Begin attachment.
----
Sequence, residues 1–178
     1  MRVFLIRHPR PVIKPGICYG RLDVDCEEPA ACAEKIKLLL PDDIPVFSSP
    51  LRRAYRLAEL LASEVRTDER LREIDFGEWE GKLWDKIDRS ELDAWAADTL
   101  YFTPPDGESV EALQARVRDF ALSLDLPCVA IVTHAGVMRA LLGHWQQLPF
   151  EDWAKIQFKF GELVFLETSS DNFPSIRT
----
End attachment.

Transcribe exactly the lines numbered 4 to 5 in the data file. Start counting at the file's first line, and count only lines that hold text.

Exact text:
   101  YFTPPDGESV EALQARVRDF ALSLDLPCVA IVTHAGVMRA LLGHWQQLPF
   151  EDWAKIQFKF GELVFLETSS DNFPSIRT